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Which brings us to the growing battle for smartphone supremacy in an economy that hasn't looked so bad since the 1981-82 recessions, when Apple and IBM began to duke it out for the top spot in personal computers.
Smartphone and PC technologies are so different it's hard to draw comparisons. Even if they were similar, predicting winners is a fool's errand. Hardly anyone in 1981 would have pronounced Microsoft the winner of the PC wars. Nor could they have possibly known in 1996 that mighty Microsoft would be eclipsed by just-started Google.
Lessons from the '80s
But at least two lessons from the PC era do remain relevant for today's smartphone wars: the importance of timing and the need for speed.
Timing is all about hitting the market with the right product at the right time. The Apple II was a hit in 1977 but it took 2-1/2 years to sell 50,000 units. The IBM PC, launched in 1981, reached that same number in 7-1/2 months and quickly established itself as the standard business computer.
By 1984, when the Monitor upgraded me to an IBM PC from a Teleram (don't ask), the technology race was over, although we didn't know it at the time. That's the second point: In technology, the race really does go to the hare – and it can end in the blink of an eye.
In April 1984, Apple launched the Macintosh, a superior and far more elegant computer than the PC, and sold 50,000 units in a day. But it didn't matter.
Other computermakers had already begun turning out PC-compatible machines and Apple never really regained its footing in the computer market. Steve Jobs was ousted for a time from the company he founded because he seemed out of touch with the new reality.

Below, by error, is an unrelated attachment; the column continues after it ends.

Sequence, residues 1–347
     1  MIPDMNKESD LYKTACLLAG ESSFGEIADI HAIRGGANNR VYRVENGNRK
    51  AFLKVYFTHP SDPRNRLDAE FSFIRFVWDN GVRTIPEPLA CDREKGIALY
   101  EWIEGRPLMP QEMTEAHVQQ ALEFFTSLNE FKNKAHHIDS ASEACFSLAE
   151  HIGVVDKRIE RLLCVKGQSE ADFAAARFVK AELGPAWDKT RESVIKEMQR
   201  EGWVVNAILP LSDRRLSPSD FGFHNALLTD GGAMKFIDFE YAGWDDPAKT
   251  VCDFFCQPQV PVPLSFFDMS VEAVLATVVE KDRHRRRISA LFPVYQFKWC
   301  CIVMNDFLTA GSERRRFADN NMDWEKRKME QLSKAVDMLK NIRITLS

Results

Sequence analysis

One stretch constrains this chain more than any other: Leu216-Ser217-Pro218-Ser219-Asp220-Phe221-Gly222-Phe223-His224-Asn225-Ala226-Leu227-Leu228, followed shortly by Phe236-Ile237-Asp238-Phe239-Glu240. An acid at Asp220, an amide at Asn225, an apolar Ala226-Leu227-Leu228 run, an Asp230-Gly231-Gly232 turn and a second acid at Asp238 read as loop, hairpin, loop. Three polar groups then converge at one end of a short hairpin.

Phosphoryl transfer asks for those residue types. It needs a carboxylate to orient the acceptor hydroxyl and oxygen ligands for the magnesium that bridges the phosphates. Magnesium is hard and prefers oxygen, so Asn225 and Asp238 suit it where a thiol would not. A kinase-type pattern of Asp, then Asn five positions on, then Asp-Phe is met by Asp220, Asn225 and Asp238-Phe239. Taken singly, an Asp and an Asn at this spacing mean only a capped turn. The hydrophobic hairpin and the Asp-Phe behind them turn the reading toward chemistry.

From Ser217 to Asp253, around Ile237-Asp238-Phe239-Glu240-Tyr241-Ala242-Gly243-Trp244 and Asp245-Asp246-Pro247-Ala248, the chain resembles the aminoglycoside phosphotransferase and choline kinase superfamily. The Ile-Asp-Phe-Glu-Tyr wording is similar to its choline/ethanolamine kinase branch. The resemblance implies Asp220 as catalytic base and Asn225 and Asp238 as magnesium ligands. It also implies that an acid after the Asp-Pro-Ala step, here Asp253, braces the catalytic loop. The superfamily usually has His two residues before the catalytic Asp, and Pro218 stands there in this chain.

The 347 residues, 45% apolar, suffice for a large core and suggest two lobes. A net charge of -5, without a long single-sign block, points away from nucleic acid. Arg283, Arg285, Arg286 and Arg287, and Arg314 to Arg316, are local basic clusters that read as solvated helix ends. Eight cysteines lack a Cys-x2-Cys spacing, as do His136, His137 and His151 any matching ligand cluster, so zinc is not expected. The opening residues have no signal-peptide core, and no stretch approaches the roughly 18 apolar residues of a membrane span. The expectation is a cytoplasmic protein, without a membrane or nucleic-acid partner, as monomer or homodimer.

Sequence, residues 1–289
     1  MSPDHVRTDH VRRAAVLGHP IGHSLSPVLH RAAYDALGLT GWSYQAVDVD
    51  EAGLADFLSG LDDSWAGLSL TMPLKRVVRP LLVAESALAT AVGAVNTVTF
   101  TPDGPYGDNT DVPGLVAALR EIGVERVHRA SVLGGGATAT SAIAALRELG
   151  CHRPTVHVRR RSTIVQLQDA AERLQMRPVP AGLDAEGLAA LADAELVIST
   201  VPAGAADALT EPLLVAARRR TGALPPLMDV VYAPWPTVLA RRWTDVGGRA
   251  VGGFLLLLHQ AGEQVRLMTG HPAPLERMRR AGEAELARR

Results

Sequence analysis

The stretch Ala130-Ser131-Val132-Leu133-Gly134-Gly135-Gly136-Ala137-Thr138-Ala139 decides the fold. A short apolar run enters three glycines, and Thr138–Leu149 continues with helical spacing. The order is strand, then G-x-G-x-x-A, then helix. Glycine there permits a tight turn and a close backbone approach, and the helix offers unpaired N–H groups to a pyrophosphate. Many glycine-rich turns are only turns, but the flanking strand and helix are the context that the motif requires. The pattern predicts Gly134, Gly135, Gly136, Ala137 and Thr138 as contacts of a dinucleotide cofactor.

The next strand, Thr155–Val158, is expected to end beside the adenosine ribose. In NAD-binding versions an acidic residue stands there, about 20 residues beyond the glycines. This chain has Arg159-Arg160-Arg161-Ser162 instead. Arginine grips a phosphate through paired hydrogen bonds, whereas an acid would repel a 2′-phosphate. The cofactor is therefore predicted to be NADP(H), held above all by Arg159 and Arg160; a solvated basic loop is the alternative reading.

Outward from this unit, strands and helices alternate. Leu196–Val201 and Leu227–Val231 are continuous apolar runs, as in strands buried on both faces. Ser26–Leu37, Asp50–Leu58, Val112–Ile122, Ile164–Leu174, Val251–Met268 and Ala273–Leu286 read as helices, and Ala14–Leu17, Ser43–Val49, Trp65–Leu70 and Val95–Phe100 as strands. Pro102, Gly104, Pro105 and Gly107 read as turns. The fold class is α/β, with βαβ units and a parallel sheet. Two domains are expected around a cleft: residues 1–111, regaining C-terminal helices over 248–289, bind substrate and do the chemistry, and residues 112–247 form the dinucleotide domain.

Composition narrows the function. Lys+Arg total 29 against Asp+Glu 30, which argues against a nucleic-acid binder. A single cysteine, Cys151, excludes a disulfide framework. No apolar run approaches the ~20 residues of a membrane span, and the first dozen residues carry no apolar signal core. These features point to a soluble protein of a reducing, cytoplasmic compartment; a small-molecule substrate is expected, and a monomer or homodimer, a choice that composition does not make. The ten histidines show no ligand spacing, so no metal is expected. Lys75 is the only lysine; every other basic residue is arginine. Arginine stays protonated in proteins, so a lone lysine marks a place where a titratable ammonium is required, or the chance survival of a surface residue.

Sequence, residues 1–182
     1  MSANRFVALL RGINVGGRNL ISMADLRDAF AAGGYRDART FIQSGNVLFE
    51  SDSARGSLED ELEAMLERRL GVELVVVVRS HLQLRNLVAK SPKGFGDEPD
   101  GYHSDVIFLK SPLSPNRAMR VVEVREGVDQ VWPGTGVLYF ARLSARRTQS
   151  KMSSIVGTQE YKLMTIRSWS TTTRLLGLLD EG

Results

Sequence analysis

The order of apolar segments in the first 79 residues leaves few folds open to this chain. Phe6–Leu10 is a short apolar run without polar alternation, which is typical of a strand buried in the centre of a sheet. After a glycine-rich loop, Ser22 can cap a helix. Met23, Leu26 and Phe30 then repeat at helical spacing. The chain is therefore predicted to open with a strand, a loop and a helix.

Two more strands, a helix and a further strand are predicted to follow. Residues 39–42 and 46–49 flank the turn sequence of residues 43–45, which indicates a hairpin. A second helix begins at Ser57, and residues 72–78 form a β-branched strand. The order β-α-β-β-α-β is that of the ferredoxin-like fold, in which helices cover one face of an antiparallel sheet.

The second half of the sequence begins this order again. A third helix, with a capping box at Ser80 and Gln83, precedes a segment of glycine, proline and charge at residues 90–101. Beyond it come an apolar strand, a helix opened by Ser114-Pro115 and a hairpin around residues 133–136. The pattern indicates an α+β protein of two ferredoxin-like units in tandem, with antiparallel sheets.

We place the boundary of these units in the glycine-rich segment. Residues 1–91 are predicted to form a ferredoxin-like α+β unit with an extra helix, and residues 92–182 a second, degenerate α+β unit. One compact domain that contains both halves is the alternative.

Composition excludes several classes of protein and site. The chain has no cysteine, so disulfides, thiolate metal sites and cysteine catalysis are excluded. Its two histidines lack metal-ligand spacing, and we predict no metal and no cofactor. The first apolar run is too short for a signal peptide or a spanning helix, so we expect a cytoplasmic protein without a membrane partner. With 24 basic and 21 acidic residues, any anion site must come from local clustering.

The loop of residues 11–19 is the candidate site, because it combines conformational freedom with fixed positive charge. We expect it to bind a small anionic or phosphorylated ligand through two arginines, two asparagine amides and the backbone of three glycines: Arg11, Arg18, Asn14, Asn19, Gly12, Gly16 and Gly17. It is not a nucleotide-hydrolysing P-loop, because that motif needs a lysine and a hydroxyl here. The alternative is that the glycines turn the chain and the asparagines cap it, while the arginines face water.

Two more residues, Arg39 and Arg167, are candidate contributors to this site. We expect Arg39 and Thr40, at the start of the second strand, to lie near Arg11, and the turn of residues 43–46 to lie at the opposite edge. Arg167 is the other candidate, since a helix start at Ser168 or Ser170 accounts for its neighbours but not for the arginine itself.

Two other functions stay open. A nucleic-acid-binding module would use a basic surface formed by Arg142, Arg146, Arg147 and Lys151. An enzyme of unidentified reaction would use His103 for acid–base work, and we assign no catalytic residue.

So Mr. Jobs created his own new reality, finding corporate redemption by returning to Apple and creating cool consumer products. Today his iPhone is creating the biggest buzz in smartphones. On Monday, Apple announced it would sell its current 3G model for $99 and begin offering its much anticipated, twice-as-speedy 3GS on June 19.
Other companies are trying to create similar buzz. Google has tried to elbow into the business with its Android operating system that will run on Verizon phones in coming months. Handheld pioneer Palm introduced the Palm Pre on Saturday and got quite positive reviews.
Can Palm top Apple?
By one estimate, the Pre sold 50,000 units this past weekend. But Apple sold 1 million iPhone3Gs in its opening weekend last year.
So the smartphone race may already be down to two competitors.
Apple owns the consumer market with 11 percent of the worldwide market in the first quarter of 2009, double its share from a year earlier, according to a Gartner report. Research in Motion, maker of the popular Blackberry, is the corporate favorite with 20 percent of the market as it gains share from faltering Nokia.
Perhaps the more intriguing question is who will emerge as the big winner of the smartphone revolution: a manufacturer, a telephone carrier, or a company that comes up with some revolutionary end-use for mobile Internet devices?
You can pick. This PC war veteran isn't hazarding a guess.